Some of the material in is restricted to members of the community. By logging in, you may be able to gain additional access to certain collections or items. If you have questions about access or logging in, please use the form on the Contact Page.
The increasing interest and gradual adaptation of a DC electrical distribution system by the US navy and smart grid designs has demanded a change to the structure of the traditional electrical distribution system. The development of the power electronics has led to faster-operating devices and the goal to achieve fault clearance in ~8 ms requires a need for an ultra-fast fault location and identification system. The traditional protection system used in AC power distribution is well-understood and applied over a radial distribution system but may lack sufficient response times for a constantly adapting, intelligent, looped distribution structure. To assess the performance of the CFL system and to estimate the scaling of the CFL architecture, mathematical models are developed and are justified by supplementing with the actual testing results. This thesis presents a controller-hardware-in-the-loop (CHIL) testbed, interfacing RTDS with an industrial automation hardware, to demonstrate the methodology and to perform a comprehensive testing and analysis of a prototype of CFL system. The CFL system is based on ultrafast data communications and processing of sensor data to identify and determine the location of a fault in the medium voltage direct current (MVDC) shipboard power system (SPS). The results of CHIL experiments demonstrate ultrafast fault detection and precise fault location operation of the CFL system on a fault current limited MVDC SPS for a line-to-line fault under different operating conditions of the SPS. Mathematical models describing the relationship like the frame size, decision time and the operating time of the CFL system were developed and verified with the results obtained from an implemented CFL system. Factors affecting the performance and scaling for a practical CFL implementations were identified and analyzed. The models and analysis in this thesis are supported by experimental validation.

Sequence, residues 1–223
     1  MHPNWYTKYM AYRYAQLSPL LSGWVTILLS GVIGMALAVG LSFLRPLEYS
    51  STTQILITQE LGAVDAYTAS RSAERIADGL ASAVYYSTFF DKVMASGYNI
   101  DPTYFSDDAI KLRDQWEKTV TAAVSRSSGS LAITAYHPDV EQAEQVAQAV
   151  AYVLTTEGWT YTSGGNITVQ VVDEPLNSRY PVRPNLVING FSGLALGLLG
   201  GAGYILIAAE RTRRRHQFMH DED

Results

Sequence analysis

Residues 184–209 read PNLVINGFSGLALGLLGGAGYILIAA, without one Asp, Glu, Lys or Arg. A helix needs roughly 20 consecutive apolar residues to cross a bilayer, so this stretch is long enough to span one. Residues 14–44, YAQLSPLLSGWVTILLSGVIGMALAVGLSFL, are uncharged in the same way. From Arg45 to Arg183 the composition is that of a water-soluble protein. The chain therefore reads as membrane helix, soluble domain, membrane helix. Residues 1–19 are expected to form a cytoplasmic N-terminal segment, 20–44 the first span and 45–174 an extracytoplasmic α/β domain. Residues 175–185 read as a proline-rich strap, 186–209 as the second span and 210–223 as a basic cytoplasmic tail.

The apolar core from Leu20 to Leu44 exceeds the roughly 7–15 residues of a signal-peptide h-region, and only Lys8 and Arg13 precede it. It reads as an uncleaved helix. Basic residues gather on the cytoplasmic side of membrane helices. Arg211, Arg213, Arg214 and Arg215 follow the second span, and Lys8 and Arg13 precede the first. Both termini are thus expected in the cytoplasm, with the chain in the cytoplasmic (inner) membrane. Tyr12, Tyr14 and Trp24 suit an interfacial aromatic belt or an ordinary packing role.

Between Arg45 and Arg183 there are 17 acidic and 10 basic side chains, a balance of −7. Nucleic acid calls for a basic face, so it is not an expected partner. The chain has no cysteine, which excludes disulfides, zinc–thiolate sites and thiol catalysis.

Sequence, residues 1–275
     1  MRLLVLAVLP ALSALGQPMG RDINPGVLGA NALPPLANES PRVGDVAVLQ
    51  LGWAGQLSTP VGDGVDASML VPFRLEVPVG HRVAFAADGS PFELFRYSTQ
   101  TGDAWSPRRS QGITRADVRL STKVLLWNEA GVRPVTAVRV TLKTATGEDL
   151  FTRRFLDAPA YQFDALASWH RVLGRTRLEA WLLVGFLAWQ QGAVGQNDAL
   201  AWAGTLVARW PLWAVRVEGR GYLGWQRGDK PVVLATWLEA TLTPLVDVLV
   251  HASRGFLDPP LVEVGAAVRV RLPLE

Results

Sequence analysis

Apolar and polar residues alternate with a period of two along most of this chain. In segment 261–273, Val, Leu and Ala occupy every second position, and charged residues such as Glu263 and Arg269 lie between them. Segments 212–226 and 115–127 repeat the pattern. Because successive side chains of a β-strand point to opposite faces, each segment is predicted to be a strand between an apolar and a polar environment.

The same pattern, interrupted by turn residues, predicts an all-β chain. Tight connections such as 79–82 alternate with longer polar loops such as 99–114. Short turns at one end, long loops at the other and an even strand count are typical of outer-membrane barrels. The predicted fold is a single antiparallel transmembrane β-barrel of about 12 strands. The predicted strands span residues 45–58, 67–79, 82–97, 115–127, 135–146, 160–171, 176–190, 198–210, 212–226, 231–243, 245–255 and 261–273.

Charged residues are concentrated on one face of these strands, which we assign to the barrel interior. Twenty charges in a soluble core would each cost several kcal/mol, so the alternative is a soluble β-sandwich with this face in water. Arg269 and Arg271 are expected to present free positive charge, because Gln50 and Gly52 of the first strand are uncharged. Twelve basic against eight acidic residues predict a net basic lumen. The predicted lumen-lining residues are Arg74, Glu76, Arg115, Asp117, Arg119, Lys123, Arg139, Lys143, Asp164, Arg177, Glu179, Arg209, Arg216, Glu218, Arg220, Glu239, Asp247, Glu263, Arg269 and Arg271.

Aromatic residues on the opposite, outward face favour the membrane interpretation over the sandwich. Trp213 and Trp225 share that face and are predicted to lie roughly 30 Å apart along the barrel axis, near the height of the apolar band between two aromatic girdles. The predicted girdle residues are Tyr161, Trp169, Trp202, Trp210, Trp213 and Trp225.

A Thesis submitted to the Department of Electrical and Computer Engineering in partial fulfillment of the requirements for the degree of Master of Science.
Includes bibliographical references.
Ming Yu, Professor Directing Thesis; Michael Steurer, Professor Co-Directing Thesis; Hui Li, Committee Member.
Florida State University
Use and Reproduction
This Item is protected by copyright and/or related rights. You are free to use this Item in any way that is permitted by the copyright and related rights legislation that applies to your use. For other uses you need to obtain permission from the rights-holder(s). The copyright in theses and dissertations completed at Florida State University is held by the students who author them.